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British team recovers U$S50m trove of silver coins from sunken ship south of St Helena

Thursday, April 16th 2015 - 08:57 UTC
Full article 69 comments
The SS City of Cairo was torpedoed south of St Helena by a German U-boat and sank to 5,150m. The 100 tons of coins were recovered in the deepest salvage operation in history The SS City of Cairo was torpedoed south of St Helena by a German U-boat and sank to 5,150m. The 100 tons of coins were recovered in the deepest salvage operation in history
The silver rupees had been called in by London to help fund the war effort, but never made it. The silver rupees had been called in by London to help fund the war effort, but never made it.
The ship and cargo were presumed lost until 2011: a team led by British salvage expert John Kingsford located an unnatural object among the ridges of the South Atlantic The ship and cargo were presumed lost until 2011: a team led by British salvage expert John Kingsford located an unnatural object among the ridges of the South Atlantic

A British-led team has recovered a $50m trove of silver coins that has lain on the seabed since the steamship carrying them from Bombay to England was sunk in 1942. The SS City of Cairo was torpedoed 772km south of St Helena by a German U-boat and sank to 5,150m. The 100 tons of coins, recovered in the deepest salvage operation in history, belonged to HM Treasury.

 The silver rupees had been called in by London to help fund the war effort. But they never made it. The steamship's tall plume of smoke was spotted by a U-boat on 6 November 1942 and it was torpedoed. Ten minutes later, amid efforts to abandon ship, the City of Cairo was hit with a second torpedo which sealed its fate.

The ship and its cargo was presumed lost until 2011, when a team led by British salvage expert John Kingsford located an unnatural object among the ridges and canyons of their South Atlantic search area.

Under a contract with the UK government, underwater salvagers Deep Ocean Search (DOS) worked for several weeks searching a “jumbled up sea floor” twice the size of London, Mr Kingsford told the BBC.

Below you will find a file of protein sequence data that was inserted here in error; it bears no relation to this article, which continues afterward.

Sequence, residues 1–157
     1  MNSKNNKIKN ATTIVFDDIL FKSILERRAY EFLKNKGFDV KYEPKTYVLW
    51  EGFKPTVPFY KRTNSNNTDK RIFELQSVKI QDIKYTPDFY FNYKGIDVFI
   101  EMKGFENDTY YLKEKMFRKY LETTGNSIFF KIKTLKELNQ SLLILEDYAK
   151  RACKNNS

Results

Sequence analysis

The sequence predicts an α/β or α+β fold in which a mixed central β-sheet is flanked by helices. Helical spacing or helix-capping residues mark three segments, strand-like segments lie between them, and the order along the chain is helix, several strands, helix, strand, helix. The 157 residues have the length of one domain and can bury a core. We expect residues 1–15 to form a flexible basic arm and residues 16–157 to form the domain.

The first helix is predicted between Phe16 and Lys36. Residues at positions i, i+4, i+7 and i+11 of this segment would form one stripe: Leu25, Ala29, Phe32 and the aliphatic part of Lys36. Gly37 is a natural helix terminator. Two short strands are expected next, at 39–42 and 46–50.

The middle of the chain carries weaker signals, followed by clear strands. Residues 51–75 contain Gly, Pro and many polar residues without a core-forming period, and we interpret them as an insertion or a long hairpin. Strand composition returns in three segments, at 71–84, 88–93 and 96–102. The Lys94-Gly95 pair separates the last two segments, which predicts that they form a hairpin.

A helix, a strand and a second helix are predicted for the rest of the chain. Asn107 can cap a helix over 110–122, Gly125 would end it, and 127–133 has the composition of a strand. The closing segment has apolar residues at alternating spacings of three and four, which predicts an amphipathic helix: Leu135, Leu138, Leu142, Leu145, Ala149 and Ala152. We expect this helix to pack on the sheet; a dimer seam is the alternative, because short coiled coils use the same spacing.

“We weren't convinced at first,” he said. “But you have to give your team their head if they say they've found something, so we looked.”

The object was indeed the City of Cairo, and the team recovered a “large percentage” of its £34 million treasure chest. “There was a lot a relief all round,” Kingsford said.

The coins have now been melted down in the UK and sold, with the undisclosed sum divided between the treasury - which technically owns the coins - and the salvagers, who take a percentage of the sale.

The salvage was completed in September 2013, but DOS has only now been given permission by the Ministry of Transport to announce it. As well as the coins, the team brought up the propeller belonging to the second, fatal torpedo.

Shortly after that second torpedo struck 73 years ago, and the last remnants of the City of Cairo disappeared beneath the waves, the U-boat surfaced and approached the survivors' lifeboats.

Its captain, Karl-Friedrich Merten, famously directed them to the nearest land and said: “Goodnight. Sorry for sinking you.”

Only six of 311 people aboard died in the sinking, but it would be three weeks before anyone found any of the six lifeboats that had set out for land. In that time, 104 of the 305 survivors died.

The British SS Clan Alpine picked up 154 survivors alive on the way to St Helena and a further 47 were rescued by a British merchant ship, the Bendoran, and taken to Cape Town.

A final lifeboat was discovered 51 days after the sinking, off the coast of South America, with only two of its many passengers alive. In a cruel twist of fate, one of the two men, Third Officer James Allister Whyte, died shortly after when the ship taking him home was torpedoed by a U-boat.

After leaving the wreck for the final time, the divers left a plaque in honor of those who died which read: “We came here with respect.”

“It was a special salvage,” Kingsford said. “It does mean a lot...It was a very emotive case, where over a hundred people were lost having been in open boats. It meant a lot to our team to find this ship and remember it”. (BBC).

Top Comments

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  • lsolde

    No, paulcedron, those silver coins DO NOT belong to Argentina.
    l know that the Atlantic washes the Argentine coast, but the shipwreck was far, far away from RGland.
    Just getting in first before you made some of your usual wild, unsubstantiated, ridiculous claims. lol!

    Apr 16th, 2015 - 10:48 am 0
  • ilsen

    “pirates ahoy!”

    (just jokin')

    Apr 16th, 2015 - 11:28 am 0
  • Voice

    “Pieces of Eight...Pieces of Eight”...stupid parrot...wrong period...
    “Pieces of Rupee...Pieces of Rupee”...

    Apr 16th, 2015 - 11:39 am 0
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